Monthly Archives: May 2015

Though Thou Art in Thy Blood, Live

Spiritual Sunday A couple of weeks ago my library reading group discussed Marilynne Robinson’s Lila, the third novel in what one member described as a triptych. I love Robinson’s depiction of the Congregationalist minister John Ames in Gilead, and Lila gives us the backstory of the woman that Ames marries as an old man. (Home, […]

Posted in Robinson (Marilynne) | Tagged , , , , | Leave a comment

A Sense of Wonder at the Zoo

Taking my son to the National Zoo recalled A. A. Milne’s “At the Zoo.” As with Christopher Robin, the elephants were the star attraction.

Posted in Milne (A. A.) | Tagged , , , | Leave a comment

Milton Cautions vs. Scientific Arrogance

One of my science students found a way to examine her frustrations at her limited knowledge by looking at Satan and Eve in “Paradise Lost.”

Posted in Milton (John) | Tagged , , , , | 1 Comment

Kafka’s K Would Feel at Home with FISA

A “Washington Post” quiz comparing Franz Kafka’s “The Trial” with the United Foreign Intelligence Surveillance Court comes up with some disturbing resemblances.

Posted in Kafka (Franz) | Tagged , , , , , , , | Leave a comment

Vacations Must Be More than Photographs

Wendell Berry warns that photographs can come between us and a profound vacation experience. I’ll keep that in mind in my upcoming trip to Machu Picchu.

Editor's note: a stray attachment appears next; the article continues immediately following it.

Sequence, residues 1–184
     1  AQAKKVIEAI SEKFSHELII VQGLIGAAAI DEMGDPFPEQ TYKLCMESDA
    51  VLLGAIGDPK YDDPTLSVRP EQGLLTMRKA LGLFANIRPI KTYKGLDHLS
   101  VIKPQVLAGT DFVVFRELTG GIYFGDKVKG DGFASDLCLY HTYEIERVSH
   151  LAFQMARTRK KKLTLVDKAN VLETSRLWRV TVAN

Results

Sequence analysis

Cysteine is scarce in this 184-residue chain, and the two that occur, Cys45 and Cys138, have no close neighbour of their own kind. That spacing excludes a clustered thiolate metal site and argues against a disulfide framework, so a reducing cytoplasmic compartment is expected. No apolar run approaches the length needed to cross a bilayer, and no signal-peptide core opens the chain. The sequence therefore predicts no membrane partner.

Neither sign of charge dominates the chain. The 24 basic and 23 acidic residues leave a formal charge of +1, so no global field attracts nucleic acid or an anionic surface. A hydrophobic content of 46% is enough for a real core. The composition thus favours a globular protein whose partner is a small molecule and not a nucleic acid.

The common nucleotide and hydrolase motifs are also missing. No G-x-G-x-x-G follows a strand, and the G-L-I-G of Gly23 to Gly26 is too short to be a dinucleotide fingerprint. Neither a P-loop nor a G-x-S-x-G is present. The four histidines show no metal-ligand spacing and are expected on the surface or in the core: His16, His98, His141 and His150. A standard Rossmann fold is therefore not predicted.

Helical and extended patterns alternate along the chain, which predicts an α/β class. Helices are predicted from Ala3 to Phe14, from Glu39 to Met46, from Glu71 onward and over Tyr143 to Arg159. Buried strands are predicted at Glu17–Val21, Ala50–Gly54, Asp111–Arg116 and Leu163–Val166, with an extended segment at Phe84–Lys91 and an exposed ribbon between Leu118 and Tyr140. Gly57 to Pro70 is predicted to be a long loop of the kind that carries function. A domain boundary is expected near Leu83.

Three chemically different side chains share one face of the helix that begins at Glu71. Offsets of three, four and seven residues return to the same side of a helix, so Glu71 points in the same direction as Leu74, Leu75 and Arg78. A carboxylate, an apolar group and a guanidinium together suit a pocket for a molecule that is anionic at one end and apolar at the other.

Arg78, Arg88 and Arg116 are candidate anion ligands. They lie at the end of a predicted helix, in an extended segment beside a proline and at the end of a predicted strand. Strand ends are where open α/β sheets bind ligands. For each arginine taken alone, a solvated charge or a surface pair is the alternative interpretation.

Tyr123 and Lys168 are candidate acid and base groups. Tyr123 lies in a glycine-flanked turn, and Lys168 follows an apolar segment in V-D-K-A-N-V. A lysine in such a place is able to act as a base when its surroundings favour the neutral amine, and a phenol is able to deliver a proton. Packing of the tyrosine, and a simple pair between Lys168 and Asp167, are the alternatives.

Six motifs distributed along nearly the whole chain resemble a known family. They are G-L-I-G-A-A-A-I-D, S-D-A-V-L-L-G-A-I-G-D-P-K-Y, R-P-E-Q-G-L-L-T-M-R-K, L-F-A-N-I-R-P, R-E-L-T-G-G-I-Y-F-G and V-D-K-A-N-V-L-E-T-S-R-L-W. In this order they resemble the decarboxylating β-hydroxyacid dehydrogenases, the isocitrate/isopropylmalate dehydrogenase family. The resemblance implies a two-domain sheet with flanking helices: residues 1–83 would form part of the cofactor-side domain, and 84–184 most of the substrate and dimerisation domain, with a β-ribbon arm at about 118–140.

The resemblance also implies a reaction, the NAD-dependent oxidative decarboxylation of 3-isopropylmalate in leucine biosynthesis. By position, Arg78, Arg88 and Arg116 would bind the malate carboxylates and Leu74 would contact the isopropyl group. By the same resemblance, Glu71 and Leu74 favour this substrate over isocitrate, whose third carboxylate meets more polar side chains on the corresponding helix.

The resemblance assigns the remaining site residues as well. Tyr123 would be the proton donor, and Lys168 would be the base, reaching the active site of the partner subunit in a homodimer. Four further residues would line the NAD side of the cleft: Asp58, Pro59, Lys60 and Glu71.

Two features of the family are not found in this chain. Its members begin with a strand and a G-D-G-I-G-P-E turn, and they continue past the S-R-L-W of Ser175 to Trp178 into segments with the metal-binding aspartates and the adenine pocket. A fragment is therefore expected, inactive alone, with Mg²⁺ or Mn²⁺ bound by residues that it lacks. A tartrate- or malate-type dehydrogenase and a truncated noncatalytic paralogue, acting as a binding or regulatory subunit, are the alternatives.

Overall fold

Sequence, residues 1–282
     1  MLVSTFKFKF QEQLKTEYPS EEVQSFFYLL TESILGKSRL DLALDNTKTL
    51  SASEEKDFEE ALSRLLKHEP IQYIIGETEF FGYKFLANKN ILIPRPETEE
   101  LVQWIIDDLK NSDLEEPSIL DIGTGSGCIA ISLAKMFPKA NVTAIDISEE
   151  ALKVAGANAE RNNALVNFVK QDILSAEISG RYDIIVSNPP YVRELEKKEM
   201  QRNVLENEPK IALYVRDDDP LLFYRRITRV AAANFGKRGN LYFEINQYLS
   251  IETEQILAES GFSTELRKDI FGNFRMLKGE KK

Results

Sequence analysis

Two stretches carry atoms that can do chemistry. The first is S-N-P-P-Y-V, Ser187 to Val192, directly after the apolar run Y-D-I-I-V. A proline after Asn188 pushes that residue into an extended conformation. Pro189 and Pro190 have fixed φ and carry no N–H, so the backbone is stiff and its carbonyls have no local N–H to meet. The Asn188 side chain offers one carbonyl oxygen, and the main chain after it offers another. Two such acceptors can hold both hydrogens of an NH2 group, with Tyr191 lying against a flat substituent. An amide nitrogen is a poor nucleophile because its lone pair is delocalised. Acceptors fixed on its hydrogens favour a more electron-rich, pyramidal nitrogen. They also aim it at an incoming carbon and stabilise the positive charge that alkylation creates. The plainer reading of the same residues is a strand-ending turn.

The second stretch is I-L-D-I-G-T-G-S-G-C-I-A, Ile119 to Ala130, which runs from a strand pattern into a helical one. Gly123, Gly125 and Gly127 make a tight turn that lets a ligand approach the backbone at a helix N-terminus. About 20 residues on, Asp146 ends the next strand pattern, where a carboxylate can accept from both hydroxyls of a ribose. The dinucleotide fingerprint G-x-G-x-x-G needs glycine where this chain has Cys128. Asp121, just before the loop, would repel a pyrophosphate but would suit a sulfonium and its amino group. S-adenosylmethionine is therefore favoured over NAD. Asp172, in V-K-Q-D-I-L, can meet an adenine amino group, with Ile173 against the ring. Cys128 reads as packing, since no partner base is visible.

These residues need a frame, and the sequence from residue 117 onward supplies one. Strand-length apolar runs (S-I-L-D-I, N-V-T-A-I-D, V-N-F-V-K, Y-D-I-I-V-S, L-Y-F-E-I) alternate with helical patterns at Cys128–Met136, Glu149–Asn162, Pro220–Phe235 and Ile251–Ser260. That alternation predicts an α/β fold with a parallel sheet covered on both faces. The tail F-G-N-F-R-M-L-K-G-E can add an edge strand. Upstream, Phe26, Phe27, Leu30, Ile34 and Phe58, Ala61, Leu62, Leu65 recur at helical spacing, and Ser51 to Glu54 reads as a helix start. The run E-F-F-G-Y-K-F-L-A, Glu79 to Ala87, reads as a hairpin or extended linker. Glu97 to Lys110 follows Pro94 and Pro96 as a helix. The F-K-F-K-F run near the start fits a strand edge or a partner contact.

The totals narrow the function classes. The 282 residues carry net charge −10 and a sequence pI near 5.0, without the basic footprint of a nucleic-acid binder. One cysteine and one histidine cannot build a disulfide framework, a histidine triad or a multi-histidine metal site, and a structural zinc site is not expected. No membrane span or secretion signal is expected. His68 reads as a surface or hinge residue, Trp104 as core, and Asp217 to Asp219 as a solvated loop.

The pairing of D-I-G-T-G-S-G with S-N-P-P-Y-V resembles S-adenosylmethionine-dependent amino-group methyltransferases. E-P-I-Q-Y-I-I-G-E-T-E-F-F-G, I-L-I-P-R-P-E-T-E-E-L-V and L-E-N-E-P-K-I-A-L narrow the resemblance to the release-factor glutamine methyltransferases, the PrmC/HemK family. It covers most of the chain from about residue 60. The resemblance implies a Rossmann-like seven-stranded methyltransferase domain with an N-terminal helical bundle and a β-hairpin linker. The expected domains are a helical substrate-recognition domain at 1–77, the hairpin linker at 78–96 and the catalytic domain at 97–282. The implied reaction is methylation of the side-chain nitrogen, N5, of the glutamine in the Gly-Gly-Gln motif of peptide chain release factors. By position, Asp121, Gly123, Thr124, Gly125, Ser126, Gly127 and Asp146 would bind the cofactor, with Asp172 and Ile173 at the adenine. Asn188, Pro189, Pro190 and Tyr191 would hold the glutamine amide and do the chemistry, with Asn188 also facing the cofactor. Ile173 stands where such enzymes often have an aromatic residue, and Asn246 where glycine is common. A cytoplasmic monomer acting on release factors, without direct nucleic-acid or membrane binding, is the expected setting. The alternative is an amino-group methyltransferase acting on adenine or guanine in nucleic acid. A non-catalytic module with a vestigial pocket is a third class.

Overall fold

Posted in Berry (Wendell) | Tagged , , , , | 3 Comments

Soldier, Rest, Thy Warfare O’er

In “Soldier Rest,” Sir Walter Scott captures how inviting death can look to those caught up in battle’s throes.

Posted in Owen (Wilfred), Scott (Sir Walter) | Tagged , , , , , , | Leave a comment

To See God, the Eye Must Catch Fire

Blake’s poem “Pentecost” explains what is necessary to experience the presence of the Holy Spirit.

Posted in Blake (William) | Tagged , | Leave a comment

Stephen King & the War for America’s Soul

In “The Stand,” Stephen King sees the dark and the light fighting for control of America’s soul. His book had the Vietnam War in mind but it is also applicable to future policy in the Middle East.

Posted in Hawthorne (Nathaniel), King (Stephen) | Tagged , , , , , , , , | Leave a comment

Liberals Must Reclaim Harrison Bergeron

Vonnegut’s “Harrison Bergeron” has been adopted by the rightwing in their opposition to governmental regulations. It’s actually a fairly liberal story.

Posted in Vonnegut (Kurt) | Tagged , , | 3 Comments

Is Don Draper a Modern Faustus?

In the finale of “Mad Men,” Draper may enter into yet another Faustian bargain, trading a vision of peace for a catchy Coca-Cola jingle.

Posted in Marlowe (Christopher) | Tagged , , , | Leave a comment

10 Memorable Poetic Pick-Up Lines

10 memorable pick-up lines from poetic greats. Try them at a bar near you.

Posted in Austen (Jane), Behn (Aphra), Donne (John), Herrick (Robert), Marvell (Andrew), Montagu (Lady Mary Wortley), Rostand (Edmond de), Shakespeare (William), Wilmot (John) | Tagged , , , , , , , , , , , , , , , , , , | 4 Comments

Hamlet Instructs the Class of 2015

Our commencement ceremonies included a reading of Hamlet’s advice to the players.

Posted in Shakespeare (William) | Tagged , , , | Leave a comment

Scorn No Vision That a Dewdrop Holds

Eva Gore-Booth finds divinity with a dewdrop here, and twilight hour there. The “One” can be found in “the gentle Light that shines behind the storm.”

Posted in Gore-Booth (Eva) | Tagged , , , | Leave a comment

Obama Tells Black Graduates to Soar

Michelle Obama used images of flight in a recent commencement speech at Tuskegee University. It was reminiscent of the way Toni Morrison uses flight in “Song of Solomon.”

Posted in Morrison (Toni) | Tagged , , , , , , , | 3 Comments